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Ekstrom Library

Barbara S. Miller Multicultural Children's Literature Collection : Home

Picture books

A young black girl holds an acoustic guitar toward the reader, she stands in front of a colorful brick wall
Young woman crushing orchids with mortar and pestle
Four drawings of advocates of justice on a lightly patriotic background.
Four drawings of advocates of justice on a lightly patriotic background.
Two children stand on top of a mountain wearing capes and holding a flag that reads
Six cartoon representations of famous Latina women
A child of mixed race contemplating, his towering orange curly hair covers three-fourth of the page
Six famous Muslim women standing in a group
Two black persons floating in water look toward the right into the distance
A snuggled black baby wearing a sunflower onesie is passed from one set of hands to another
Young buddha meditating in front of a lily pond with a frog on his shoulder
Children of various genders playing in front of a floral background

Middle grade and YA

Young black woman with lip piercing and overalls holds a paintbrush and smirks at the reader
Four people look disappointingly into the distance while the sun sets behind them and plants grow around them
Two young boys walk arm in arm under a glowing starry sky
A sandy foreground with clouds in the distance. An American flag image over the sand
A young woman in a snowy barbed wire enclosure looks behind her at another woman holding a musical instrument case.
Three girls of different races hug together in a pose for a photograph.
Young black boy floating in water with top of his head out of water
Tiny threaded beads making an image of a cattail, flowers, and the title
Colorful silhouette of woman with long hair
Smiling young black boy
Hilly background with sun rising
Native American with arms outstretched in a dancing position, with a beautifully embroidered cape

The Barbara S. Miller Multicultural Children's Literature Collection

“I always loved telling stories...My ‘thing’ were trying to get children to want to read. And the best way to accomplish that goal is to tell them a story.”

-Barbara Simmons Miller

Barbara Miller had a shining career as a librarian-educator. She served as Children’s Librarian at the Western Branch Library, and later the Coordinator of Children’s Services at the Louisville Free Public Library. She served on the faculty at Spalding University, Louisville Municipal College, the University of Kentucky and University of Louisville. She was also well known as the “Storytelling Lady” on the popular local children’s television show, T-Bar V Ranch on WHAS television.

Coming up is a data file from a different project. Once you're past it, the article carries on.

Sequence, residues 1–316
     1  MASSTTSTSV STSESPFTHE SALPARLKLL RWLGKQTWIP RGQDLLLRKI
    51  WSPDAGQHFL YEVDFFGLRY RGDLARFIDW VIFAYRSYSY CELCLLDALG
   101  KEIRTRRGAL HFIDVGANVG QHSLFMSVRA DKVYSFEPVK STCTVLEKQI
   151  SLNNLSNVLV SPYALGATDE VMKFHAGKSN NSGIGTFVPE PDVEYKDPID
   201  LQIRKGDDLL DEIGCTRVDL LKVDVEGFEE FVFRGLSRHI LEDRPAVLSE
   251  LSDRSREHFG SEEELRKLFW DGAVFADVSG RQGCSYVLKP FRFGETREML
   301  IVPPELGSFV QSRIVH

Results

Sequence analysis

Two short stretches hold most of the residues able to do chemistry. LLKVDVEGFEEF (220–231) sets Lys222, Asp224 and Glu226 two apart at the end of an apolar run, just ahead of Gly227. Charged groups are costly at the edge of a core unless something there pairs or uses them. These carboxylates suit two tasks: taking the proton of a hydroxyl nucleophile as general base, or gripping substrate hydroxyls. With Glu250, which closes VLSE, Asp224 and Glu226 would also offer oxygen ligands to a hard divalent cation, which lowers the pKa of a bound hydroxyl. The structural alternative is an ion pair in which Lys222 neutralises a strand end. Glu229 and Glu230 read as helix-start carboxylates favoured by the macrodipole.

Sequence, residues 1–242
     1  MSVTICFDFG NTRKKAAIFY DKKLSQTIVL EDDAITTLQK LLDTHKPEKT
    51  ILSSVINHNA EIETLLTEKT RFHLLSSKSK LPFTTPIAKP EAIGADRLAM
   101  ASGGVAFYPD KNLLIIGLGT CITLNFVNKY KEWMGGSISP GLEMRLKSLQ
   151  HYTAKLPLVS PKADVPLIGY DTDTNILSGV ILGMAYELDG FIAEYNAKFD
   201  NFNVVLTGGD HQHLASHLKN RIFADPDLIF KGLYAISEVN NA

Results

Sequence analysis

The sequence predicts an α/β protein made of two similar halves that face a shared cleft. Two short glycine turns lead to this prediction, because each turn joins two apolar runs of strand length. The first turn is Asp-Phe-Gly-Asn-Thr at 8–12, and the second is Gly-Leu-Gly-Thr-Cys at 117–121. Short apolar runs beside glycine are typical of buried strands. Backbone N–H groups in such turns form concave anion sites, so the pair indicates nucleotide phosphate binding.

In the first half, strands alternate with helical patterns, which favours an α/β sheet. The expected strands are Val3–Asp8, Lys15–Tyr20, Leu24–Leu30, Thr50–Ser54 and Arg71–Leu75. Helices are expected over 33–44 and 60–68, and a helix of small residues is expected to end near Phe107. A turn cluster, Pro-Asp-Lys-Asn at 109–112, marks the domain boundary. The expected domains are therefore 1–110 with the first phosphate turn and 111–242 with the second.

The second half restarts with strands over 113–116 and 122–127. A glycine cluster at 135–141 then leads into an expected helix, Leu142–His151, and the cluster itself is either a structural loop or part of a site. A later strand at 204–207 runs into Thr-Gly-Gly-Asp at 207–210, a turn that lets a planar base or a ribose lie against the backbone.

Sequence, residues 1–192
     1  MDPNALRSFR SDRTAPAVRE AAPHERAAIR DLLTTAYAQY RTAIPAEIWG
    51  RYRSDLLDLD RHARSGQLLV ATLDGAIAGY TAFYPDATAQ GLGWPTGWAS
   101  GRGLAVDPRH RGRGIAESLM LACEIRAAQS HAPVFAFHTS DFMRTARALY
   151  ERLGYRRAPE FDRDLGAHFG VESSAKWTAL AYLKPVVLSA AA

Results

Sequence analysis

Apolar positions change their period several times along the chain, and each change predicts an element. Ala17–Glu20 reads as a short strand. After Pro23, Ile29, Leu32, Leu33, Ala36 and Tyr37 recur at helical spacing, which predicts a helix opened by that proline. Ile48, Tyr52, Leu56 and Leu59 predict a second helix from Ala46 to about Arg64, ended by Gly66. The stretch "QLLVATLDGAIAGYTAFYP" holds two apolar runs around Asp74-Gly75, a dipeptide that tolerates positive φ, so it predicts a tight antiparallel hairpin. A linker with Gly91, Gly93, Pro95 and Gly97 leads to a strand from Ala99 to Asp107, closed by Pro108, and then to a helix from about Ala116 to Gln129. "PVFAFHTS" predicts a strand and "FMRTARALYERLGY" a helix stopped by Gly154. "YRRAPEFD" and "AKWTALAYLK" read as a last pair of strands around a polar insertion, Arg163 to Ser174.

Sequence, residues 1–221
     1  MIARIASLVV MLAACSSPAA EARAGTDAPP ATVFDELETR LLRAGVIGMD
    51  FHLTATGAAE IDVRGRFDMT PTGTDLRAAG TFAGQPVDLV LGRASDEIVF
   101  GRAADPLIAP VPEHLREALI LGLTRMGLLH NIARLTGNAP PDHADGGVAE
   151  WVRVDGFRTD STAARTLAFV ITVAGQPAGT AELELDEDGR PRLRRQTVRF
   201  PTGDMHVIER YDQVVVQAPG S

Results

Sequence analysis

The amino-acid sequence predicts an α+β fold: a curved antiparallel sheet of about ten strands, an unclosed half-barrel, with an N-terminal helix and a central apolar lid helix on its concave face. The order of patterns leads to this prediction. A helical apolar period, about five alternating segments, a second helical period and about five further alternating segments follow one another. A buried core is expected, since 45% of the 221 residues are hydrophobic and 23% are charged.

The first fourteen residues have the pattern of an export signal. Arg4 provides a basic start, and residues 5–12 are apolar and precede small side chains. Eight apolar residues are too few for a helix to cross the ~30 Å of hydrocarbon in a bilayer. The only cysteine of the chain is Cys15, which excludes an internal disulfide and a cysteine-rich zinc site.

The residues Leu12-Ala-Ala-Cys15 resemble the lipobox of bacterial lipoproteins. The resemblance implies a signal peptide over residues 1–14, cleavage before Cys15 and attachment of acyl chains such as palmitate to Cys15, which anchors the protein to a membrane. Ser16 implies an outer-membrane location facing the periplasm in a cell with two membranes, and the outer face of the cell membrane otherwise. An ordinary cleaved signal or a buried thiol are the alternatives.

Barbara S Miller

Even after her official retirement in July 1978; Ms. Miller’s advocacy for children’s literacy and storytelling continued as well as her numerous accomplishments:

  • In 1979, she was one of four United States librarians who were delegates to the USSR to study library services for children in Moscow and Kiev.
  • She was an official observer at the White House Conference on Libraries and Information Services in 1979.
  • She was President of the Association for Library Services to Children (ALSC), of the American Library Association (ALA) and the Kentucky Library Association.
  • She served on the committees for the Newberry and the Caldecott Children’s Book Awards.

She was a tireless volunteer and energetic civic leader, serving on more than ten different Boards including the J. B. Speed Art Museum, Kentucky Opera, Louisville Theatrical Association, African American Heritage Foundation and the Advisory Committee of the Louisville Free Public Library, to name but a few.

But Barbara Millers real legacy is in the people she touched through reading. In the words of Delinda Buie, a librarian at the University of Louisville Ekstrom Library:

When Barbara Simmons Miller became head of the Louisville Free Public Library Children's Department I was eight years old and well into reading my way through the children's section of the Crescent Hill branch. Mrs. Miller came as "The Story Lady" to visit our library and my younger brother plopped himself at her feet, but I stood in the back, trying to act sophisticated and literate.

Although our Louisville public schools, in theory, were integrated in 1959, the rest of our world was still highly segregated. Mrs. Miller was the first African American professional person I had ever met. And she was the sophisticated and literate person I aspired to be.

Ms. Miller was elegant. She sat, beautifully dressed, with ankles crossed and exquisite posture, amid a jumble of children. As she read aloud in her lovely modulated voice and precise diction, she turned the pages toward her audience. I wondered how she could see through the back of the book, and found myself opening my own eyes wide or forming my mouth into an "O" of astonishment along with her as the tale unfolded.

Barbara Simmons Miller enchanted children, inspiring us to become readers; and this one, at least, to become a librarian.

Using the Collection

The simplest way to look at the collection is to browse it! It is located on the third level of the Ekstrom Library.

There are several ways to browse the collection online through the UofL Libraries Catalog, such as:

  • Do a search in the catalog by author or title if you know them, OR
  • To see a list of books:
    1. Do a keyword search on Multicultural Children's Books
    2. Then sort them by University of Louisville Libraries, Format, title, author, or date of publication (see screen shot below), OR
  • Click this link: Ekstrom Library Multicultural Children's Books

Discover. Create. Succeed.